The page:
Architecture is crazy. Not wild or awesome or amazing crazy, but I’m-afraid-to-introduce-you-to-my-mother, you’re-suffering-from-a-diagnosable-disorder crazy. As a discipline architecture has committed itself to engaging all-at-once with three-dimensional reality and two-dimensional abstraction (in varying proportions depending on who you ask). As a result, it has had to simultaneously address two modes of representation that often find themselves at odds with one another. Caught between the second and third dimensions, architecture has carried on a schizophrenic existence that straddles two distinct personae: one obsessed with perspective, volume, and realism; the other with flatness, abstraction, and potential fiction.
Generally it would be socially unacceptable to leave such a condition untreated: antipsychotics would be administered and therapy sessions would follow. And while those personalities that have been classified as disruptive would be suppressed, a sedated life of reduced pleasure, limited sexual appetite, and increased apathy would surely follow.
As far as architecture is concerned, it would be best to leave this disorder untreated: there is too much to lose. Some of the greatest moments in architecture lie in the unexpected dissonances that reverberate between buildings and their representations. These schizophrenic ruptures are most pronounced when the inherent qualities of architecture’s dueling personalities are embraced and left uncompromised. More specifically, architecture is most powerful when the limits and consequent potentials of two-dimensional representation are acknowledged. One thinks of Mies’s collages or Archizoom’s plans of No-Stop City, pieces that exceed the possibilities of literal representation and embody a quality of composition that allows them to stand on their own as easily as they stand as complements to their respective projects.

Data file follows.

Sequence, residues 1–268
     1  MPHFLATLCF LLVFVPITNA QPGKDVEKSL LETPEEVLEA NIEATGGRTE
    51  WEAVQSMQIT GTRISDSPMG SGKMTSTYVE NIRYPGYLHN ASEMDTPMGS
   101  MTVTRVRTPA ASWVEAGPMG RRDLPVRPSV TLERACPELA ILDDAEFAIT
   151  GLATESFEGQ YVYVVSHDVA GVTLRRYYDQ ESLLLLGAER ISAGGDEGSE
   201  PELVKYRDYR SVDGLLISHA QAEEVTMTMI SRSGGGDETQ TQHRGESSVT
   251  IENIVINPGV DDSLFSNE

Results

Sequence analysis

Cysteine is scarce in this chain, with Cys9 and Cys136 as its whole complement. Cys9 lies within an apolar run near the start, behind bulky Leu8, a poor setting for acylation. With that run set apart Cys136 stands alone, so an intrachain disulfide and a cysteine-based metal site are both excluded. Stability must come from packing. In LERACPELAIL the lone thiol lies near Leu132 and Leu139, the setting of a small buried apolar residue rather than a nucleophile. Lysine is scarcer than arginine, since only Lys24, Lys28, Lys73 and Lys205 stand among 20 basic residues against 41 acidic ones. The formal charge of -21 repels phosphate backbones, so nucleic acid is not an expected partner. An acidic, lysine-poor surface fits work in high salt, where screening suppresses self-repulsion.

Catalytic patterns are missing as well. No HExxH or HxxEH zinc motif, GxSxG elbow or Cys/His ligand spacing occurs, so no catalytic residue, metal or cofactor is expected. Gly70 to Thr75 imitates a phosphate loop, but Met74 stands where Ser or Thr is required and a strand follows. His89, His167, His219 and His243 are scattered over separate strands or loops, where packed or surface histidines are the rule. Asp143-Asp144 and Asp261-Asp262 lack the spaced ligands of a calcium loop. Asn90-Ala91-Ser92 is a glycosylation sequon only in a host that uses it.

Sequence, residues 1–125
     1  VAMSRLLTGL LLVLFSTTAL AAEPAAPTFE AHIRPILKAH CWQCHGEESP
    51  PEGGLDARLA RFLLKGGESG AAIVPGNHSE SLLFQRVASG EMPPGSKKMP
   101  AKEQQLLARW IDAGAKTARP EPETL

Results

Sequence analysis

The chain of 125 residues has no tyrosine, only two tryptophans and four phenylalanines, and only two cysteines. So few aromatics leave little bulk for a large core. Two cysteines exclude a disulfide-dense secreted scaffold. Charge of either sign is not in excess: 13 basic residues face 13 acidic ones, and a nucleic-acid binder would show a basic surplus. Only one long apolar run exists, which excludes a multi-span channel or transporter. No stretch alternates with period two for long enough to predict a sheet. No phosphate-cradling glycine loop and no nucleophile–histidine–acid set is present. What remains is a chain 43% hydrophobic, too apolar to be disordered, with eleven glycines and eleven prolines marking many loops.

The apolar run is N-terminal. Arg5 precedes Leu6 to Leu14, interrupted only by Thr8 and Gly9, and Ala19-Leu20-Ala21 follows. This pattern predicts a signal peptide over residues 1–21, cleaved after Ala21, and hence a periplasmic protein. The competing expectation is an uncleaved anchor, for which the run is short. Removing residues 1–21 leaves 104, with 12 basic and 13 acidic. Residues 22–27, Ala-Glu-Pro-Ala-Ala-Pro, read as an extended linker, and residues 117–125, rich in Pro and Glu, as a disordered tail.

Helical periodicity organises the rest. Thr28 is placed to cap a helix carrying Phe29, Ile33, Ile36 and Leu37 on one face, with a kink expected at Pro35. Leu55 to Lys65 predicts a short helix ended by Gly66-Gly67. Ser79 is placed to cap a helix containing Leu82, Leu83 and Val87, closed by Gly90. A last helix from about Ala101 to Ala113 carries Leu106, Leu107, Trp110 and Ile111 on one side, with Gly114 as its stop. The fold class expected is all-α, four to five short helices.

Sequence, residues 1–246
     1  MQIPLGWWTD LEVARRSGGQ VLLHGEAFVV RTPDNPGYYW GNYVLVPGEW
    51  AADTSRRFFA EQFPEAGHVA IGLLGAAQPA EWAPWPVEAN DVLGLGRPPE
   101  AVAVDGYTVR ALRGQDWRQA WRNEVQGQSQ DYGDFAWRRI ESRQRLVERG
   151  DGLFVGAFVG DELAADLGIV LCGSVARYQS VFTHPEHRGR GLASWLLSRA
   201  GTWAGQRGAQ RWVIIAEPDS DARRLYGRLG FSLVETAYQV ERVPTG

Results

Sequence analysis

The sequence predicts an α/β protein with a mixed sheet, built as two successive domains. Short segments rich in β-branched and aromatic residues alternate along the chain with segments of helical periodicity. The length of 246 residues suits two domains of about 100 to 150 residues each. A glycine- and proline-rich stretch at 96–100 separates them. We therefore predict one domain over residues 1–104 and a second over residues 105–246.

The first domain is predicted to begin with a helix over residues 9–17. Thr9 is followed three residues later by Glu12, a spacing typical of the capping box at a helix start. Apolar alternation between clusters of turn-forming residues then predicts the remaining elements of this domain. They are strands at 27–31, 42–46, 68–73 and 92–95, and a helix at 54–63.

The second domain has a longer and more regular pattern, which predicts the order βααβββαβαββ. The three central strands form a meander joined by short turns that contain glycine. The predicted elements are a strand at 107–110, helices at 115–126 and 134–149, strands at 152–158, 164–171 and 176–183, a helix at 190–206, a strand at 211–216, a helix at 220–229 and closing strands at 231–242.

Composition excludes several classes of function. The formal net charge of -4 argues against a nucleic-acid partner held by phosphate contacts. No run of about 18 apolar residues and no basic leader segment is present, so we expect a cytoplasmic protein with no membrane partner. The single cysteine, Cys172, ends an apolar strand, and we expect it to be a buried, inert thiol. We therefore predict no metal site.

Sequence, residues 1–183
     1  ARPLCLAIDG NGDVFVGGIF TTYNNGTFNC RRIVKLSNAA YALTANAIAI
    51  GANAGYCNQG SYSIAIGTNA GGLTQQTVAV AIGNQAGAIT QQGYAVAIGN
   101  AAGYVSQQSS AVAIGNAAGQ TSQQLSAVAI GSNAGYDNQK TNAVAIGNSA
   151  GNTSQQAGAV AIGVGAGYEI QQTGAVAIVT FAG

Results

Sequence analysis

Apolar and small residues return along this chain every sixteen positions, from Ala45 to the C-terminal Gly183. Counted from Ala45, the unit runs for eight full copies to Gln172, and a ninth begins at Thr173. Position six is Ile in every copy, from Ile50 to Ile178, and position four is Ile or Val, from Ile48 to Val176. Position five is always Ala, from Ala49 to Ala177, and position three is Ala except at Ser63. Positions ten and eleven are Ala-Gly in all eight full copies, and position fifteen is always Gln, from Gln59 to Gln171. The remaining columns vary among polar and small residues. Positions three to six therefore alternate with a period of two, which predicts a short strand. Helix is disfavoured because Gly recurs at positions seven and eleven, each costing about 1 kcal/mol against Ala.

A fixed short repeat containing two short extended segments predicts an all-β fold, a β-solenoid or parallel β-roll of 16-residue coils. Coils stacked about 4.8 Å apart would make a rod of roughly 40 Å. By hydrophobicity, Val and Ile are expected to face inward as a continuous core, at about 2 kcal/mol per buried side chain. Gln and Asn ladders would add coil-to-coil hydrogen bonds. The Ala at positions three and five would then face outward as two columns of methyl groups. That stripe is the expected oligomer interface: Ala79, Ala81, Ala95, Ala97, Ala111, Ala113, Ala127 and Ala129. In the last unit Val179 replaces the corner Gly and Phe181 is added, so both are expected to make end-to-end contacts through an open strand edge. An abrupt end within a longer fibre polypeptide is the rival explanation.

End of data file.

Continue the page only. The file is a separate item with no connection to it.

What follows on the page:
Flipping through magazines and scrolling through blogs, however, one is confronted with the distinct and unsettling possibility that architecture’s two-dimensional persona has been deemed aberrant. Even more troubling is that architecture seems to be taking its meds and is now integrating itself all too harmoniously into the real world. Qualities of flatness and abstraction in architectural representation have been subdued in favor of the completely underwhelming reality of high-gloss, lens-flared, and didactic rendering. Gone is the schism between reality and representation. What is left is a completely synchronized (albeit muted) personality, obsessed with perspective, lighting effects, and hyper-realism, and thoroughly opposed to misinterpretation, productive or otherwise.
There are glimmers of hope every now and then. In Philipp Schaerer’s Bildbauten series, architecture seems to have accepted its antisocial tendencies and ‘forgotten’ its medication for a couple days. As an exercise in architectural fantasy, the Bildbauten series exists solely in two-dimensions. Though these images are photorealistic in terms of light and materiality, Schaerer makes no attempt to engage perspective. Instead, he accepts the flatness of the medium, a flatness that hums in juxtaposition to the otherwise hyper-real qualities of the renderings. An obsession with the real is still very much present in Schaerer’s work; however, it does not come at the expense of the flat surface. Both are allowed to exist simultaneously, each speaking at once in support of and opposition to the other.
It is refreshing to see architecture arguing with itself, and to be reminded of its schizophrenia. It confirms the suspicion that it should have never gone on meds in the first place.